Jersey was a place I hardly knew anything about until my husband had to go there for work with me in tow. I didn’t know what to expect. We had previously lived in Argentina, where I am from originally, and in Dallas, Texas. This was a new destination and the beginning of a new adventure. Jersey is the biggest of the Channel Islands in the English Channel.
Since we were staying at a hotel, I was unencumbered with boring housework and was free to explore. Jersey has a very long and interesting history that goes as far back as the Stone Age. There are traces of it everywhere: from Neolithic passage graves and medieval castles to World War II observation towers built by the Germans during the Occupation. One is confronted with its history everywhere and anywhere. On one occasion, I was taking a leisurely stroll in the gardens of a Victorian Anglican church when something in the middle of the garden caught my eye. When I got closer, I realised I was looking at a five thousand year old Neolithic gallery grave. A unique garden feature to say the least.
One of my favourite places was Gorey Castle, also called Mount Orgueil. It was built in the thirteenth century to defend the island from French invaders. Jersey once belonged to the Duchy of Normandy and was bandied about between France and England until it became an English Crown Dependency. The castle sits on a hill above the village and looks out to sea like a proud sentry. The contrast between its drab stone walls and the pastel coloured houses built along the pier at its feet is simply beautiful, especially when the tide is in.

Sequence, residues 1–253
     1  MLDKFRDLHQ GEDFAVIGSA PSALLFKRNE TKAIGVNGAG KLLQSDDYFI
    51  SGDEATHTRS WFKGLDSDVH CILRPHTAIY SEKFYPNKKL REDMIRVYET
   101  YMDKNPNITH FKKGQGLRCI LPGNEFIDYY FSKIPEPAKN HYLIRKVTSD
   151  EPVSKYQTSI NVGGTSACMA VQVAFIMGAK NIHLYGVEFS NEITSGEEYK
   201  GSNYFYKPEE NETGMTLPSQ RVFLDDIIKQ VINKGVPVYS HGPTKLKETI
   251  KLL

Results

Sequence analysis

Gorey is one among the many picturesque, essentially British villages. One of my favourite things to do was to take long walks along country lanes, through fields, up and down lush green hills, and visit the village churches, most of which date from the Middle Ages. They are tiny, made of stone, with whitewashed walls inside. They are invariably immaculately kept and smelled of candle wax and wood polish. I made sure to read the visitors’ books. I must admit I am rather nosy and wanted to know where visitors came from and what they thought of the place. It wasn’t only tourists that left comments on those books, though. I remember a heart rending note written by a local little girl asking God to make her dad came back home from England because she missed him so much. At the risk of sounding creepy, I’ll admit I also enjoyed walking about in the adjacent churchyards. I liked read the inscriptions on the headstones and made up stories about the people buried there.
This is the first part of a two-part series about living in Jersey, Channel Islands)